Dr Ciara Kelly: We finally have a vaccine to prevent cancer - you'd think people would be delighted about it
I'm heading for a smear test later. It's not something I relish. Oh, I'll grant you there are worse things in life, but no woman enjoys hearing the words "little bit of pressure now" as a hard plastic tube, covered in cold KY jelly is inserted into their nethers and then its jaws are opened so what started as a narrow pointy shape ends up like the open beak of a large-mouthed duck. And that's before they take a toothbrush-like instrument to your cervix (the neck of your womb - for those of a biblical disposition) and rub vigorously, usually until they draw blood. I'm not trying to put you off, I'm merely saying it isn't pleasant.
Add that to the fact that I, like tens of thousands of other Irish women, have previously had an abnormal smear - in my case a thing called CIN II, which has a 43pc chance of regressing back to normal and a 22pc chance of progressing towards cervical cancer over time - so it isn't just the mechanics of the smear I'm anxious about, it's the actual result that's worrying me. So the whole thing is something I try not to think about. In fairness our colposcopy clinics and the national screening programme are well run. And as anyone who's attended colposcopy and sat in the stirrup chair while a chatty gynaecologist has dug at their cervix with lasers and metal instruments knows - a smear test is not the worst thing that can befall your cervix.
And truth is that even a colposcopy is not the worst thing that can happen to your cervix as the 300 women who're diagnosed with cervical cancer here every year will tell you - just over a third of whom will be dead within five years of their diagnosis. Most of them will have gone through chemotherapy, radiation therapy and usually radical hysterectomies before succumbing to the disease. I know of a 42-year-old mother-of-three and a 36-year-old mother-of-two who have died this month already - leaving behind devastated families.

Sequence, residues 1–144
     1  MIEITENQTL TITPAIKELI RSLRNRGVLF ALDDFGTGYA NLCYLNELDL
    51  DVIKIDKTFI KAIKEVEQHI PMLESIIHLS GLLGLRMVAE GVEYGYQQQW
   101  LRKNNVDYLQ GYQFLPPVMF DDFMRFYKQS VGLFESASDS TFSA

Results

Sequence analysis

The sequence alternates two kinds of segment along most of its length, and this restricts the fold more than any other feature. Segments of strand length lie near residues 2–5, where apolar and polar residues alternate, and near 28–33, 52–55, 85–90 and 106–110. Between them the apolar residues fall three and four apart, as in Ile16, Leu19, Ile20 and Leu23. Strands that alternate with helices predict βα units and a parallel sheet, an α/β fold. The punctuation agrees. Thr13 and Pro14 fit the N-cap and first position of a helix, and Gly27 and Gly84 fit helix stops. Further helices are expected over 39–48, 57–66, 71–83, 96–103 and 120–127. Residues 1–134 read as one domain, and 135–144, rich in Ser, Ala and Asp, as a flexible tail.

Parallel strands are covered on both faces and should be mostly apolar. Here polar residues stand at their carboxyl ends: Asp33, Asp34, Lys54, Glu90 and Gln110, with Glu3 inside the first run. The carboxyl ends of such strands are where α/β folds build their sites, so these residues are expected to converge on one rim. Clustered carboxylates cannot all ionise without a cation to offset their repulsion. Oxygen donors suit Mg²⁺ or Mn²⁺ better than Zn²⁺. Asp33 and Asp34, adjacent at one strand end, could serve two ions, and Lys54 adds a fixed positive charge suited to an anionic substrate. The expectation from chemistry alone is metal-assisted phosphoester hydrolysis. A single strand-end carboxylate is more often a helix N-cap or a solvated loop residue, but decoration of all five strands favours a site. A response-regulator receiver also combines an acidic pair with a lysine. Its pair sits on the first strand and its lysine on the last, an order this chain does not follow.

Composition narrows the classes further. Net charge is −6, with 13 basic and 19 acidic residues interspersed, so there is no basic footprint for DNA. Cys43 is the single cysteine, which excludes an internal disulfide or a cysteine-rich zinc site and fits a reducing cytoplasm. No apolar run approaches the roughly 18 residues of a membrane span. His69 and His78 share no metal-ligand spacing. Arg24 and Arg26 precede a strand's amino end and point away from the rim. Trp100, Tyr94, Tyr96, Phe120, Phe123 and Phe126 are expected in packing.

So now I'm starting to think my slightly uncomfortable smear test is no big deal at all when you think about why we have them - even though we know that women put off having them because they're embarrassed about someone seeing their naked bits. And even though we know that they cringe and usually apologise about their bikini lines to doctors and nurses, who genuinely couldn't care less if they follow the latest pubic hair fashions. No, there are many things worse than a smear test - although there are few enough things worse than the diagnosis of cervical cancer.
If only we could do something to protect women and girls from this fate. From a cruel course of painful treatment and a one-in-three chance of premature death in their 30s or 40s - snatching them away from their families - when they should have their whole life ahead of them.
But, of course, we can. We have a vaccine. A vaccine against cancer. A medical breakthrough. A vaccine that prevents girls contracting the HPV virus that causes almost all cases of cervical cancer. A vaccine that has had hundreds of millions of doses given globally and has been shown to be safe with no major side effects. A vaccine that could save the lives of the 250,000 women who currently die from cervical cancer worldwide - and even better could prevent 4.5pc of ALL cancers around the world because HPV is also responsible for large proportions of head, neck and other anogenital cancers in both men and women.
Yes we have finally got a vaccine against cancer, so you would think people would be delighted about preventing their daughters - and hopefully soon their sons - from being at risk of dying from cruel HPV-related cancers. But no.
Instead we have a junk science smear campaign on social media against the vaccine. We have ill-informed TDs who should care about their electorates' health but actually care more about parish pump politics, scaremongering about the vaccine's safety and we have a vaccine uptake rate that's dangerously low.
Ninety young women will die from cervical cancer this year - now a preventable cause of death. Those who are willing to leave their daughters unprotected are sadly afraid of the wrong things.
@ciarakellydoc Ciara presents Lunchtime Live on Newstalk radio weekdays from 12-2pm
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